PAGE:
Patients crammed into hospital corridors, on trolleys or just slumped against walls. The oldest – and sickest – left gasping for air, deserted. Doctors need to decide who should receive treatment and an opportunity to live, and who should be deprived of help.
Reports of the situation in some Italian and Spanish hospitals read like something from a horror movie. Many commentators have compared the chronic lack of essential equipment – and the rising death rate – to war or an apocalypse.
And the older generation is said to suffer the most. In what seem to be the most cruel of choices, heads of health in Turin have reportedly ordered that vital equipment such as ventilators be reserved for young, fit patients with a higher chance of survival.
End-to-end care: Medical personnel will continue to provide treatment based on clinical need, not of an individual’s age, NHS specialist in intensive care writes. Ron Daniels
The message is that people over 80 only have a few years to live anyway, so they are somehow less important. Above all, it makes it uncomfortable to read, a doctor in intensive care who is confronted with such life and death decisions on a daily basis.
But in recent weeks, a disturbing rumor has spread across social media. Reports, even published by some newspapers, have suggested that millions of people can be banned from intensive care units here simply because they are considered too old or sick.
After caring for the most seriously ill Covid-19 patients in hospitals in the West Midlands for the past two months, I can tell you that this could not be less true. These pernicious falsehoods are not only insulting, they are also harmful to patients.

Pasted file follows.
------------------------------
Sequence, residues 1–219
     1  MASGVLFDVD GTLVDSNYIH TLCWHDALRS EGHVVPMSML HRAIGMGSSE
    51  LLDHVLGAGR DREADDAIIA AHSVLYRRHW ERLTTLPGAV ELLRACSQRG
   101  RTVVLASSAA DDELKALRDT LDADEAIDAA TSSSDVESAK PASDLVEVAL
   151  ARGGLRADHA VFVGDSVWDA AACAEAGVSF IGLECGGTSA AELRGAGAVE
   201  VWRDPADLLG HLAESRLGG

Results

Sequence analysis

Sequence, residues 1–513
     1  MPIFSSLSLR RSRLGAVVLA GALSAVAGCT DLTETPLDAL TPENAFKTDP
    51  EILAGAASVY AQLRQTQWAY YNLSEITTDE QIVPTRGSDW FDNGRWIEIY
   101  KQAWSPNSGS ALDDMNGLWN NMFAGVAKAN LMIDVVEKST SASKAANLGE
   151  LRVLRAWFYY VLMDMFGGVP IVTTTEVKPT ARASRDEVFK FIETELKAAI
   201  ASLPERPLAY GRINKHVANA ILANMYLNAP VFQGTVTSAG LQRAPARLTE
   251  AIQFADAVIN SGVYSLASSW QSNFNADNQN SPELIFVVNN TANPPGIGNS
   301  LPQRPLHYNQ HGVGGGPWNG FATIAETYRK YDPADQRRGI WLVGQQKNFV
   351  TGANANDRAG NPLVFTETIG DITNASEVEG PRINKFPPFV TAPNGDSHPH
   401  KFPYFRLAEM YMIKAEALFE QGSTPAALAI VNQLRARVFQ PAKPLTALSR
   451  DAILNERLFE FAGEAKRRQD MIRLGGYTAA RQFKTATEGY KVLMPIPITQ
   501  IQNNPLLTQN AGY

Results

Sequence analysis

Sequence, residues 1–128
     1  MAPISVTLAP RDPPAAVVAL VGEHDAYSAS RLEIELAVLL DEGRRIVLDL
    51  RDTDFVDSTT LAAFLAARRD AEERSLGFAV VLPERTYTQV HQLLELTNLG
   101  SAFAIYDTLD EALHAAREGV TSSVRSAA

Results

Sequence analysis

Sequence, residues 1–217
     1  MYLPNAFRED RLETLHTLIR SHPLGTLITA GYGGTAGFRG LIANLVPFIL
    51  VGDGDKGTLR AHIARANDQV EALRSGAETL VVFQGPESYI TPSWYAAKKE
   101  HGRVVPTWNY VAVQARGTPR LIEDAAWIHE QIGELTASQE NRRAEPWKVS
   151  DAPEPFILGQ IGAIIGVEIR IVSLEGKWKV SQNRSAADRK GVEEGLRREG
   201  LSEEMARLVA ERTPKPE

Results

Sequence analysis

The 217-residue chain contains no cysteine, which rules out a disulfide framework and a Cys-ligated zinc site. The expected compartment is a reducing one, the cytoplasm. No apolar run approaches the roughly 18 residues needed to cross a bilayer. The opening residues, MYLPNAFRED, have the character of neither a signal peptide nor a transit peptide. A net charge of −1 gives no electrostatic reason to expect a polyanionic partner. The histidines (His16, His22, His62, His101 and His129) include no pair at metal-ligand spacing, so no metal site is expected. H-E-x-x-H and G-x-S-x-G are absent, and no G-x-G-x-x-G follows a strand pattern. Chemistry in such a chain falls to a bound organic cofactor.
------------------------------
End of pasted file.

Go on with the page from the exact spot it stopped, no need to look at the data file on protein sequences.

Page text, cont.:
In recent weeks, I have heard that many elderly patients refused to seek essential medical attention for fear of being left alone in a hospital corridor. Some even believe that they are safer at home, without doctors “playing God”.
But in fact, the UK has an excellent track record in triage – prioritizing who gets treatment based on clinical needs. That is not going to change, even in the grip of a pandemic.
I’d be lying if I said that at some point we might not have to prioritize, especially with vital fans in such a small supply. The cold, harsh truth is that doctors will be forced to make difficult decisions they never thought they would face.
People applaud in front of a big screen in Piccadilly Circus during the Clap for Our Carers campaign in support of the NHS, while the spread of the corona virus continues (file photo)
But these decisions are far from as simplistic as some would have you believe.
Besides being an advisor for intensive care with more than two decades of experience, I am also the founder of the charity The Sepsis Trust. Sepsis is an acute, potentially deadly response to an infection, killing more than 40,000 British every year. It can send a perfectly healthy patient into the downward spiral at a terrifying speed.
It is not uncommon for sepsis patients to require intensive care and life support. But whether a patient is admitted to an intensive care unit – and given life-saving equipment like ventilation – is based on a complicated decision-making process, not just his age.
First, we take every patient’s vital signs – everything from heart rate and blood pressure – because they tell us how sick a person is.